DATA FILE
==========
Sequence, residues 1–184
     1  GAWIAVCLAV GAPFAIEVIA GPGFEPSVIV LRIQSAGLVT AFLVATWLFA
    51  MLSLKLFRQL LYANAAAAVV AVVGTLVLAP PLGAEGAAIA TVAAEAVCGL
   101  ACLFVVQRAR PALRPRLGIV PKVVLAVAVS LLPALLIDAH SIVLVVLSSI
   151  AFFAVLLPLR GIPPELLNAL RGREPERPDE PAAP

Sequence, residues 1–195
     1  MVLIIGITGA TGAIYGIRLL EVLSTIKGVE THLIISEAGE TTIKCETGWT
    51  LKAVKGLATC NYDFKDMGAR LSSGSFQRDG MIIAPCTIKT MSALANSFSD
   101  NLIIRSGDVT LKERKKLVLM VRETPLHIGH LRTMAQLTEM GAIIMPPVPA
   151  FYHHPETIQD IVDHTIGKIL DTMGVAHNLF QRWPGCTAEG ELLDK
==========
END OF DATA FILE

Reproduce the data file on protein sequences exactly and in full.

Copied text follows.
Sequence, residues 1–184
     1  GAWIAVCLAV GAPFAIEVIA GPGFEPSVIV LRIQSAGLVT AFLVATWLFA
    51  MLSLKLFRQL LYANAAAAVV AVVGTLVLAP PLGAEGAAIA TVAAEAVCGL
   101  ACLFVVQRAR PALRPRLGIV PKVVLAVAVS LLPALLIDAH SIVLVVLSSI
   151  AFFAVLLPLR GIPPELLNAL RGREPERPDE PAAP

Sequence, residues 1–195
     1  MVLIIGITGA TGAIYGIRLL EVLSTIKGVE THLIISEAGE TTIKCETGWT
    51  LKAVKGLATC NYDFKDMGAR LSSGSFQRDG MIIAPCTIKT MSALANSFSD
   101  NLIIRSGDVT LKERKKLVLM VRETPLHIGH LRTMAQLTEM GAIIMPPVPA
   151  FYHHPETIQD IVDHTIGKIL DTMGVAHNLF QRWPGCTAEG ELLDK